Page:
Effects of antipsychotic drugs on action potential production in skeletal muscle. I. Chlorpromazine and promethazine

Buttar, H.S.; Frank, G.B.

Canadian Journal of Physiology and Pharmacology 55(3): 452-461


ISSN/ISBN: 0008-4212
PMID: 301770
DOI: 10.1139/y77-065
Accession: 068525650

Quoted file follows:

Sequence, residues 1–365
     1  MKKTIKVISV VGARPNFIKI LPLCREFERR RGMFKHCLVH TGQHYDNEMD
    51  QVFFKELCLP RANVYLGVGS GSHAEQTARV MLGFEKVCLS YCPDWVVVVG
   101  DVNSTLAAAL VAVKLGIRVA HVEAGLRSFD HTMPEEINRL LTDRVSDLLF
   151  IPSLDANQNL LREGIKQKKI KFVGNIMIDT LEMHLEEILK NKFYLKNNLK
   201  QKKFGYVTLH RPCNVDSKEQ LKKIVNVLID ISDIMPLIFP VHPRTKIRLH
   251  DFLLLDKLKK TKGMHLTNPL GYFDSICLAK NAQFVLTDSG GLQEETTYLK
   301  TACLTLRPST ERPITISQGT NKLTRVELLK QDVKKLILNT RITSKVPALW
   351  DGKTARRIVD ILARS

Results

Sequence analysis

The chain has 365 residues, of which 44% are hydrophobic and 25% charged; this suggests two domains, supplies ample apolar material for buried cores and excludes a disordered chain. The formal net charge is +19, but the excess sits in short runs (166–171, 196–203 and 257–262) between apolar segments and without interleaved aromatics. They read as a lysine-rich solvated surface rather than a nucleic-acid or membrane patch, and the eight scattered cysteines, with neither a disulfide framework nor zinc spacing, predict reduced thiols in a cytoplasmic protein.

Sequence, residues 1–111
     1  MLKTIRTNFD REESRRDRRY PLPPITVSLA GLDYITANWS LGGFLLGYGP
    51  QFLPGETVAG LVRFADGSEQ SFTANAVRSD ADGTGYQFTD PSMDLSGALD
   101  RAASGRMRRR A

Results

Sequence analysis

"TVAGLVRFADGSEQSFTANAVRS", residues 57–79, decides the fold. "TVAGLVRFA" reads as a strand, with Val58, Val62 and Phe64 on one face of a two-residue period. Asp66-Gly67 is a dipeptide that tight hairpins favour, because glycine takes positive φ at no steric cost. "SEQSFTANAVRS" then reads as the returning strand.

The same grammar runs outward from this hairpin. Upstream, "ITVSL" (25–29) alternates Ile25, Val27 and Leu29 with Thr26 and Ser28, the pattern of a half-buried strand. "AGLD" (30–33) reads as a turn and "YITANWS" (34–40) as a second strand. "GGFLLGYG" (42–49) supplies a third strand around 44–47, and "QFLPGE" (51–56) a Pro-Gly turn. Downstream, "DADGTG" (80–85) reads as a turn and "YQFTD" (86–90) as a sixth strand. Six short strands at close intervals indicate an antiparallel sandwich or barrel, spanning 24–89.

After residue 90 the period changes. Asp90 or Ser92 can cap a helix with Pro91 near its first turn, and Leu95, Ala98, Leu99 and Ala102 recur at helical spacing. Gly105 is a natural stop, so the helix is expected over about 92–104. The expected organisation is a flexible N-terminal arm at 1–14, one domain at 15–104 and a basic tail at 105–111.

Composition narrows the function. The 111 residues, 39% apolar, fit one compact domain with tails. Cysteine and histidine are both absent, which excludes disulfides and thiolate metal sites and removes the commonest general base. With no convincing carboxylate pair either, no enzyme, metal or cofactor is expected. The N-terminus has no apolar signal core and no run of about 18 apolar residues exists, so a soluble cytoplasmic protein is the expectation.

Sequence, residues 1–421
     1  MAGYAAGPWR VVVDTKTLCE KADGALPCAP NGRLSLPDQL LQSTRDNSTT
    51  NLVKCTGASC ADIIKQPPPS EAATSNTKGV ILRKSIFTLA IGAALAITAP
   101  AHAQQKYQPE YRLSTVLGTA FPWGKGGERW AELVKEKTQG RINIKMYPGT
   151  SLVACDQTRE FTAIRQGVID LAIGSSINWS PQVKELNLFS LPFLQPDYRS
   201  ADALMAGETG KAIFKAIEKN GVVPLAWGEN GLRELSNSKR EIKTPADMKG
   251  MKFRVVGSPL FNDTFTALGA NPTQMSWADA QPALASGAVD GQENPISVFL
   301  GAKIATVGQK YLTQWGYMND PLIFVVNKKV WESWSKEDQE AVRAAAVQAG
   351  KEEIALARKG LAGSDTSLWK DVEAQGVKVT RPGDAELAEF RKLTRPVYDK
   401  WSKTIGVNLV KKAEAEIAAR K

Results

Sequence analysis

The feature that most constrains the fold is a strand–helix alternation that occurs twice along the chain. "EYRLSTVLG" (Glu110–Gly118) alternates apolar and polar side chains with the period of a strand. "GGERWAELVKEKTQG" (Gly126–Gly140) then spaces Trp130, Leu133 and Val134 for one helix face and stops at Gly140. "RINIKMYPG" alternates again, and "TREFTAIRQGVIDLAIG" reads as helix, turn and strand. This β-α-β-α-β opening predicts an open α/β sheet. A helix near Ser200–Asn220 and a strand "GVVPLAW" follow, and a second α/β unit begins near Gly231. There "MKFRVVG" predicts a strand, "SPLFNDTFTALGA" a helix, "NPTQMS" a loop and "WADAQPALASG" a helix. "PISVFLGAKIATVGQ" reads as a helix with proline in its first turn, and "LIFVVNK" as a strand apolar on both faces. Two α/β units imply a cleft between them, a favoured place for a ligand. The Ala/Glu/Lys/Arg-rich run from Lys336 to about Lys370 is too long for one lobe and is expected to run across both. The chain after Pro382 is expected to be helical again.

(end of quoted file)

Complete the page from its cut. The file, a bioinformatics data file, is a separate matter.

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The effects of chlorpromazine, an antipsychotic phenothiazine, and promethazine, an antihistaminic phenothiazine, on excitability and action potential production in frog's sartorius muscle fibers were studied and compared. Both drugs produced a local anesthetic effect which developed slowly over 3-5 h with lower concentrations (1 to 15 .times. 10-6 M) and was only partially reversed by exposing the muscles to a drug-free solution for 3-4 h. The resting potential and the input resistance of the muscle fibers were unaffected by drug concentrations which reduced the action potential maximum rate of rise, the threshold current of 2 ms injected pulses and the intracellularly measured threshold depolarization. The effects on the action potential were antagonized in an apparently competitive manner by Na+. Thus both drugs depressed excitability and the rising phase of the action potential by inhibiting the specific increase in Na conductance (gNa) which normally follows an adequate stimulus. Both drugs also inhibited the secondary rise in K conductance (gK) which normally occurs during an action potential. Although quantitatively similar, lower concentrations of chlorpromazine (> 15 .times. 10-6 M) were more potent and higher concentrations (> 15 .times. 10-6 M) were less potent than promethazine. The qualitatively identical and the quantitatively similar effects of these 2 drugs would suggest that the antipsychotic effect produced by some of the phenothiazines is unrelated to their effects on action potential production.